What Are Cookies?
Cookies are pieces of data that web browsers use to track your browsing activity. They can also remember specific information end-users enter into online forms, like:
- User name
- Credit card details
Online marketers create and run targeted ads based on the following information:
- Geographic and demographic information
- Knowing what visitors are looking for based on past history
- What websites they explore
- What forms they fill out
Until the beginning of 2020, cookies were an indispensable website component. Today, many groups want web browsers to follow data privacy and data protection regulations. This is why this January, Google announced that they were phasing out support for Chrome third-party cookies within two years. That caused an uproar in the industry.
Groups calling to enhance privacy online has led to new regulations like the California Consumer Privacy Act and the General Data Protection Regulation. These seal the fate of third-party cookies in some parts of the world. But, Google has made it clear that ending Chrome’s support for third-party cookies is not the end of tracking altogether. There are alternatives available, and they provide online advertisers with enough monitoring capabilities.
Alternative User Tracking Technologies
While you won’t see cookies banned completely, the trend is heading toward cookie-free user tracking. This impacts small websites with little first-party cookies reserve. Here are some of the alternatives that you can consider:
This increases data and privacy protection and allows websites to track user information. Instead of using cookies, which collects specific private data, Privacy Sandbox collects total data through application programming interfaces (API).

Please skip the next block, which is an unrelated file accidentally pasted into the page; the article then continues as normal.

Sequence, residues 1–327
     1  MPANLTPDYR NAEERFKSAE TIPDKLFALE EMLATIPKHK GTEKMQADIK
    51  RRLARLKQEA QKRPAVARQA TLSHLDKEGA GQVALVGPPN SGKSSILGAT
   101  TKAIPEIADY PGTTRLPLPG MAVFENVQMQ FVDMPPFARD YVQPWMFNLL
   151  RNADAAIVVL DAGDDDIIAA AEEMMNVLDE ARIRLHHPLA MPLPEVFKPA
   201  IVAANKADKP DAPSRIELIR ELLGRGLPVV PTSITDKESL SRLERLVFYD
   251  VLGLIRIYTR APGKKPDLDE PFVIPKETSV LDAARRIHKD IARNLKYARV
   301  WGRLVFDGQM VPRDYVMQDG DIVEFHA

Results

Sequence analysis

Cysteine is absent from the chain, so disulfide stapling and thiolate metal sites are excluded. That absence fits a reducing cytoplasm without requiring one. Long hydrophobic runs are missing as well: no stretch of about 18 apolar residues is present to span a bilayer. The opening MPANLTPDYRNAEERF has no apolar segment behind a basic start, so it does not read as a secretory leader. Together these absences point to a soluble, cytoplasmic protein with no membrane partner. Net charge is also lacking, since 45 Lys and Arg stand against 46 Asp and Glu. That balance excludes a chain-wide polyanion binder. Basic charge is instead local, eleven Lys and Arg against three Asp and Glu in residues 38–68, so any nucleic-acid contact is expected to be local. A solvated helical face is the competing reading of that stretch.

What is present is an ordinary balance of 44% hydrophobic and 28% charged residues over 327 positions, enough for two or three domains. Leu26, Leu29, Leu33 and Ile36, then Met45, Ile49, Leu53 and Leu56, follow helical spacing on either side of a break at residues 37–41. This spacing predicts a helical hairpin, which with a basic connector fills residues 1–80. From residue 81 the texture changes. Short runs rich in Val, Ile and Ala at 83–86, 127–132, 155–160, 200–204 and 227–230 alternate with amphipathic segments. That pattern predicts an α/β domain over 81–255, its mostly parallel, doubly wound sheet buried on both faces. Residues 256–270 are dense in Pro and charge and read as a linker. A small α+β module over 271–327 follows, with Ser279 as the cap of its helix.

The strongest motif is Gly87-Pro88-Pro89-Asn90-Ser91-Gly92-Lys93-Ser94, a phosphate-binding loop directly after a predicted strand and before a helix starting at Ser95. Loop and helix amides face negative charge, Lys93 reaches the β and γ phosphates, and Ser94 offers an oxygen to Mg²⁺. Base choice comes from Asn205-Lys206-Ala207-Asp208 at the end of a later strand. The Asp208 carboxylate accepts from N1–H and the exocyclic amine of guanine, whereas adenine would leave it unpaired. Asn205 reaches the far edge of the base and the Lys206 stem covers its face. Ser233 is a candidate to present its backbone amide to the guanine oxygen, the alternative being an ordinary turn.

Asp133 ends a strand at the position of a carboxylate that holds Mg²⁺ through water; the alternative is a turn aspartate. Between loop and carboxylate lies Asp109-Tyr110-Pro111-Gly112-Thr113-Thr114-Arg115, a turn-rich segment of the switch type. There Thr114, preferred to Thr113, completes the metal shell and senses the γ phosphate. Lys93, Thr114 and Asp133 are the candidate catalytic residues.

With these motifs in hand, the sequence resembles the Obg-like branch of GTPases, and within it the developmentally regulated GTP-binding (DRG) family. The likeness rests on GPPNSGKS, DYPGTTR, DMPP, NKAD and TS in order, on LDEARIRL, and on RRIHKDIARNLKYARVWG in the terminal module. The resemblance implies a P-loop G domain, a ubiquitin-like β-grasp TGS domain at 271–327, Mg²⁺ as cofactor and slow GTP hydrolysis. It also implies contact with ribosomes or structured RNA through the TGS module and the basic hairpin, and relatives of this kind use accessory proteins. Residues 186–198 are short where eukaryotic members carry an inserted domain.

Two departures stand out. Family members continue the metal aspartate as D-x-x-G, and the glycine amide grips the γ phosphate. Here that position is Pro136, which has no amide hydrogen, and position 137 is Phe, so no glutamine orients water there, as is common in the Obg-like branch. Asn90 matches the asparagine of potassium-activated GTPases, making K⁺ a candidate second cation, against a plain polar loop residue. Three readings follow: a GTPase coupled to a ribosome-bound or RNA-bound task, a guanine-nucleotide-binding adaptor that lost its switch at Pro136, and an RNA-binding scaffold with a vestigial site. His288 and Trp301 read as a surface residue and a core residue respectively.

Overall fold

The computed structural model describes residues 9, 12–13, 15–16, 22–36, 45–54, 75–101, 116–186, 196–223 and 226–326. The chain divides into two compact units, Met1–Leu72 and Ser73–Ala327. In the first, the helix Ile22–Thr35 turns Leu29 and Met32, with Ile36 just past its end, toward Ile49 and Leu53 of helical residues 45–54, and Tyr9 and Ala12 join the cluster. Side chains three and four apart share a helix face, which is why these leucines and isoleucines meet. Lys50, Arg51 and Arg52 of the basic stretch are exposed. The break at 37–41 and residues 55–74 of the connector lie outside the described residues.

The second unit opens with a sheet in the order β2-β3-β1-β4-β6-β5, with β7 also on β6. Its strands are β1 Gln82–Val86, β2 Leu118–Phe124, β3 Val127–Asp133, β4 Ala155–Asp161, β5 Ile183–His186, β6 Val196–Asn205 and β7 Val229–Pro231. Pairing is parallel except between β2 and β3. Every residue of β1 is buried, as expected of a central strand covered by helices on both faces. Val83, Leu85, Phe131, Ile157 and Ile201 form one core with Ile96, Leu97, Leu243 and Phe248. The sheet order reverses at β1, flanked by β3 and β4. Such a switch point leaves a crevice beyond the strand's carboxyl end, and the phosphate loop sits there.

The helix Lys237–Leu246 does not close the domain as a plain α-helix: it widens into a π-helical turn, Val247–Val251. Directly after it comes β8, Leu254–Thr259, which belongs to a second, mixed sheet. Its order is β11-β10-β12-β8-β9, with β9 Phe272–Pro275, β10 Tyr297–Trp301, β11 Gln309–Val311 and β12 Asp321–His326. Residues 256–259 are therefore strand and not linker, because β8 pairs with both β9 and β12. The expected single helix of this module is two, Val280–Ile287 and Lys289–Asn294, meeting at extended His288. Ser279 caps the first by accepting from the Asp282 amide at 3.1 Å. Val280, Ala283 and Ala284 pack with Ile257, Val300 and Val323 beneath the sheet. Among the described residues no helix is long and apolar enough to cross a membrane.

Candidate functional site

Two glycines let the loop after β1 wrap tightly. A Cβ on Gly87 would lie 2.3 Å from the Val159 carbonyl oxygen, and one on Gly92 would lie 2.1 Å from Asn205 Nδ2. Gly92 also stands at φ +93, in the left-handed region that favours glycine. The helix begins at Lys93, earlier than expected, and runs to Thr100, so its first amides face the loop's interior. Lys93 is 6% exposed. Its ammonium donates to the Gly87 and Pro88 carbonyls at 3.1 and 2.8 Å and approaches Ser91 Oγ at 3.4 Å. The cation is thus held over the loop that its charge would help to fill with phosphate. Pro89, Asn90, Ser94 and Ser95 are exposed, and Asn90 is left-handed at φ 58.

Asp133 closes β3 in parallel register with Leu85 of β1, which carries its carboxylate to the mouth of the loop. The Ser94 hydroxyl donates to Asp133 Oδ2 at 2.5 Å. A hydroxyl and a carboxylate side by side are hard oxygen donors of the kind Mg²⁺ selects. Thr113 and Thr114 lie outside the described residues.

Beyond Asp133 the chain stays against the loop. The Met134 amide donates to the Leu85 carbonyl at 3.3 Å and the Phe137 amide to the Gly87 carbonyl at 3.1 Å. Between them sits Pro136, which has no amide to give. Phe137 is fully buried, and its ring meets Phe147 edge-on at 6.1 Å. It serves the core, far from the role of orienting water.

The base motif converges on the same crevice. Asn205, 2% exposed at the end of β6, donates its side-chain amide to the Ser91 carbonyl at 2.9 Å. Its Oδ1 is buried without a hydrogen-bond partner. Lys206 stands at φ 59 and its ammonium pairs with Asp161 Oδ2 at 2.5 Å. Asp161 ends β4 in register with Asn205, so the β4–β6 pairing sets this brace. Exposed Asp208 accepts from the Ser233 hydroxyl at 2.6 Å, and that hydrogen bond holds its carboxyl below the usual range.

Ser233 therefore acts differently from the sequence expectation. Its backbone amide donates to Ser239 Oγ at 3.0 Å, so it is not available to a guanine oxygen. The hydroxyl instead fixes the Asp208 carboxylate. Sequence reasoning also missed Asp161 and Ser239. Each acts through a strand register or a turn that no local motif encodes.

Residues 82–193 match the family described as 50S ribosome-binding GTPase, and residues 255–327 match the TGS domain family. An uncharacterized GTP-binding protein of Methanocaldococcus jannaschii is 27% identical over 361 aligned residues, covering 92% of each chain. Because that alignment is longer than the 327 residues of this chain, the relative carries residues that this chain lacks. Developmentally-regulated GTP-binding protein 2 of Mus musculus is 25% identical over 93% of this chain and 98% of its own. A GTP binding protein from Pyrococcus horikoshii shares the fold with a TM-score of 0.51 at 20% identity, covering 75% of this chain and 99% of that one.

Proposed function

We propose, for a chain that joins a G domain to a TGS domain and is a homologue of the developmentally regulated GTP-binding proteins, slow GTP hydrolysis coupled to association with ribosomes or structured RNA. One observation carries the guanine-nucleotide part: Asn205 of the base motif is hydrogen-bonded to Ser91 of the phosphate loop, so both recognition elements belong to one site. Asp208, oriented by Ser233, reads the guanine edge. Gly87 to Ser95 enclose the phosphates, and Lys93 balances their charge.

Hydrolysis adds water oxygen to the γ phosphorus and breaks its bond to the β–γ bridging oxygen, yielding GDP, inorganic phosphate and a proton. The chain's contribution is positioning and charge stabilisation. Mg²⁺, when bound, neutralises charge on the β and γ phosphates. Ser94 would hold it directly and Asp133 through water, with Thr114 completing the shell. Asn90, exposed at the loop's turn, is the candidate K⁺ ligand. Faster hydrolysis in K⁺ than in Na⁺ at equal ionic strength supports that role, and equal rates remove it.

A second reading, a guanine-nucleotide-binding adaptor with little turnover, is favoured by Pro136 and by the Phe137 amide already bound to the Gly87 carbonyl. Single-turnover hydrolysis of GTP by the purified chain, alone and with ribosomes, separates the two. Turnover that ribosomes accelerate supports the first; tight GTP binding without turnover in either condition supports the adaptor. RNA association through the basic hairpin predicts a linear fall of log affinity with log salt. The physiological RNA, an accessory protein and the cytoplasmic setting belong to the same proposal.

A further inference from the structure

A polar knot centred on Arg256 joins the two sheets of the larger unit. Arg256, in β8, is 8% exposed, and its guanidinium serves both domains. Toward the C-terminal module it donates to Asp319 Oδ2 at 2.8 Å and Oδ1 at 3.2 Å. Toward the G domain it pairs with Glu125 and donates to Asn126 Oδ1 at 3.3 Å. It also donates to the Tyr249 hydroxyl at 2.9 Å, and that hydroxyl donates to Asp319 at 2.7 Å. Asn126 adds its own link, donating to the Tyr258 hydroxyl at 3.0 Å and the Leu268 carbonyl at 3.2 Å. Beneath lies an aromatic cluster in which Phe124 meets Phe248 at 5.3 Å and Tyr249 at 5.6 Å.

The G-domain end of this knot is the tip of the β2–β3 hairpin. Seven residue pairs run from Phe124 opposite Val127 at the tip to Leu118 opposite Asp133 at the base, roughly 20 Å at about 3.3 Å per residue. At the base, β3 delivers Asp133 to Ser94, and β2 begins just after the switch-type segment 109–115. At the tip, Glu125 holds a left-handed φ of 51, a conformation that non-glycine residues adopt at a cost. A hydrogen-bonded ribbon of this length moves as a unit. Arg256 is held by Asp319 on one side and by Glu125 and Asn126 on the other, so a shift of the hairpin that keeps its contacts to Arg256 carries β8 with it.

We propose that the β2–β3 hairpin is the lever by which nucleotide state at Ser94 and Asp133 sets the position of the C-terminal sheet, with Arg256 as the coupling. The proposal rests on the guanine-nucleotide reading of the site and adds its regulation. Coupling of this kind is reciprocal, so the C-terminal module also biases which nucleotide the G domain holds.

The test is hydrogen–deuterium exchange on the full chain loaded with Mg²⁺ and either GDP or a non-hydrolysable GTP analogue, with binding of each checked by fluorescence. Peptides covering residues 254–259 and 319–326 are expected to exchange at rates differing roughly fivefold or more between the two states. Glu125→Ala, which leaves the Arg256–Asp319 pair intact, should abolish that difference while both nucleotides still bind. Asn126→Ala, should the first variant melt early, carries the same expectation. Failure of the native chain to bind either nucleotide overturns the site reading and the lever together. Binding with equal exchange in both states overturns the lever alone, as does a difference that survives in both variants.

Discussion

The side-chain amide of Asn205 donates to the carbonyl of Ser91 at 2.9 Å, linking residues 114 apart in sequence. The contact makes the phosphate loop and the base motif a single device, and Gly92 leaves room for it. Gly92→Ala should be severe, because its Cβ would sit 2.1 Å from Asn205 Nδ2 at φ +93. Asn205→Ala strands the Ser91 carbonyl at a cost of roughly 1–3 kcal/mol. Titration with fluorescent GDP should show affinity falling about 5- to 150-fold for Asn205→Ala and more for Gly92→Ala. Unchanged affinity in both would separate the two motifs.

Unified Publisher Network
Another viable option is creating networks of first-party cookies. Your website stores these first-party cookies and don’t share them with third-party websites. This way, only you can have the visitor’s information. Along with other website owners, you can create a unified publisher network. Here, you can identify a relevant audience using first-party cookies.
Standardized User Token
The Interactive Advertising Bureau (IAB) recommends a cookie-free method for identifying and tracking. This uses a standardized user token with the user’s privacy settings and preferences which is broadcasted to all companies. User privacy is still protected because information will not be published and updated without the user’s consent.
What the Future Holds for Advanced TV Advertising
Many websites are starting to experience the impact of a third-party cookie ban. This has had little effect on tech giants like Google, Facebook, and Amazon, which have their “walled gardens” or closed ecosystems. Keep in mind that these companies keep their technology, information, and user data to themselves with no intention of sharing . Instead, websites and marketers can opt to do the following moving forward:
Identifier for Advertising (IFA) Adoption
IFA, also known as IDs, offers limited ad tracking for advertisers. The IFA must be completely disconnected from a device, browser or IP. It allows advertisers to track user data and create customized ads without using third-party cookies, although the targeting is limited. However it is useful for advertisers and publishers currently using connected TV advertising.
Adaptation Necessary for Advanced TV Advertising
While this may become more challenging many online advertisers, it may also have some form of a spillover effect. For instance, the ban forces online publishers and advertisers to find an efficient way to adapt to the abrupt system changes. Collaboration is ideal because it will allow more cookie-dependent advertisers to survive. It also promotes supply chain transparency.